Gary Shigenaka NOAA NOAA Affiliate Back to the Future:  Examining the history of oil spills to anticipate what lies ahead

Wednesday 22 June 1630-1800

Session 11: Dispersant Chair: Tom Coolbaugh, Ohmsett
Submitter Company Position Title
Stephane LeFloch Cedre Research Dept Manager Exploration of the potential for biosurfactant production by fungi from oil-contaminated environments
Tim Nedwed Exxon Mobil Oil Spill Response Principal Advisor Field data provides evidence that subsea dispersant injection protected responders during the Deepwater Horizon oil spill
Jake Smallbone University of Essex PhD Student Marine Oil Snow – a microbial perspective
Bing Chen NRPOP Lab Associate Dean

Civil Engineer

Transport of microplastic-oil-dispersant agglomerate in the marine environment
Session 12: Inland Response Chair: Bernard Tramier, Sycopol
Andy Graham Polaris Applied Science Principal/Environmental Scientist Oil spill assessment, treatment, and recovery in a bahamian caribbean pine forest
Timothy Gunter TAMUCC Director, National Spill Control School Instructor Inland pipeline spill challenges and lessons learned focusing on swift water response
Stéphane Grenon Triox Director Area specific emergency response plans for linear energy transportation infrastructure
Mace Barron Environmental Protection Agency (USA) Office of Research and Development, U.S. EPA Understanding hazards of petroleum and spill response agents in inland spills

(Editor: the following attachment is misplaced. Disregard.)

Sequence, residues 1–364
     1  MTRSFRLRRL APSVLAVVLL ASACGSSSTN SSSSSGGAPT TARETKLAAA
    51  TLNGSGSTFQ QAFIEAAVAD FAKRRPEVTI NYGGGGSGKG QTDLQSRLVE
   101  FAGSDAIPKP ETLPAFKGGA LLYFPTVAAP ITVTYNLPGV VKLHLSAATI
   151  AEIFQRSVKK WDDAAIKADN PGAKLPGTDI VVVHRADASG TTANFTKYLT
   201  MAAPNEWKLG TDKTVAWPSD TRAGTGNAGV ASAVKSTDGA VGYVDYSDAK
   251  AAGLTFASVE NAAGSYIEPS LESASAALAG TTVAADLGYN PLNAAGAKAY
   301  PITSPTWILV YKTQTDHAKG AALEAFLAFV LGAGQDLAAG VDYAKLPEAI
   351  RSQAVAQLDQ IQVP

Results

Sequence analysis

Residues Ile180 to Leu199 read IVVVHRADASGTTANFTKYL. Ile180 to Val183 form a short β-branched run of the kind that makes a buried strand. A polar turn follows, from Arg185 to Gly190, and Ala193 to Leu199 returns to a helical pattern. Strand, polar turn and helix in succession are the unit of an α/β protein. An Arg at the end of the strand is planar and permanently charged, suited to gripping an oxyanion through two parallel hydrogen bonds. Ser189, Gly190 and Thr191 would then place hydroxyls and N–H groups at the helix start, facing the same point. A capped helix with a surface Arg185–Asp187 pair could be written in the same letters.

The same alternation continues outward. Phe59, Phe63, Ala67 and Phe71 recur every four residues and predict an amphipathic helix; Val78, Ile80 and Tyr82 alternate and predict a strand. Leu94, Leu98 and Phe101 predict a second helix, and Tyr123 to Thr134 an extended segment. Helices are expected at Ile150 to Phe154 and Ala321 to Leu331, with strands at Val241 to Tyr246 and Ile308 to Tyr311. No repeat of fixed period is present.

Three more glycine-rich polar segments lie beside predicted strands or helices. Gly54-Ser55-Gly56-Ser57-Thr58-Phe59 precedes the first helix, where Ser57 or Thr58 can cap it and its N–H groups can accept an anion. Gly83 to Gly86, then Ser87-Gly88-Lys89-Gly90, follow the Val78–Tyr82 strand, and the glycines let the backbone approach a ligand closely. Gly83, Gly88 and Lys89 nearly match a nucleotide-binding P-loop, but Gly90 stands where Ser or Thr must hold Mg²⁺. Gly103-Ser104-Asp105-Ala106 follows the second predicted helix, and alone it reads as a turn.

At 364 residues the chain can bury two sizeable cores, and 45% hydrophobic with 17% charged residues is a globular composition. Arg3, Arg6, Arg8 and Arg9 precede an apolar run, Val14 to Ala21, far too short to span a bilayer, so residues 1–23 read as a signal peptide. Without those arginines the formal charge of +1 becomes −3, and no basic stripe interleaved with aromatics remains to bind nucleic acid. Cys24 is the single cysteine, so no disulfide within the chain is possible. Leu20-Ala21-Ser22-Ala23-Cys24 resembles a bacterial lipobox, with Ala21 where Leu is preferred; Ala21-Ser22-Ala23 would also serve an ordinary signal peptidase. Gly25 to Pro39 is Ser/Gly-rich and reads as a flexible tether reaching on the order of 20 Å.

Premiam 3: Post Spill Monitoring – The International Context Chair: Mark Kirby, Cefas
Miguel Patel ITOPF Senior Technical Adviser Common challenges faced in implementing effective environmental monitoring: an international perspective
Peter Taylor and Rob Cox IPIECA Peter – OSPRI Manager

Rob – Environment and Health Consultant

Integration of post-incident monitoring and impact assessment into spill management systems – an international perspective
Suzanne Ware Cefas Cefas Monitoring Group Manager & PMCC Chair (England) The UK as part of international post-spill Emergency Response – the Role of Defra International Programmes
Matthew Sommerville Independent Oil Spill Consultant MV Wakashio – an example of the potential of Tier 3 Scientific Support and Monitoring

Thursday 23 June 0900-1030

Session 13: Incident Management 3 (exercises, good practice) Chair: Matt Clements, Oil Spill Response
Submitter Company Position Title
Dave Rouse Oil Spill Response  Incident and Crisis Management Senior Advisor Crisis exercises – are you wasting your time and money?
Amanda Chee Shell Spill Response Specialist Evolution of virtual exercising and response at Shell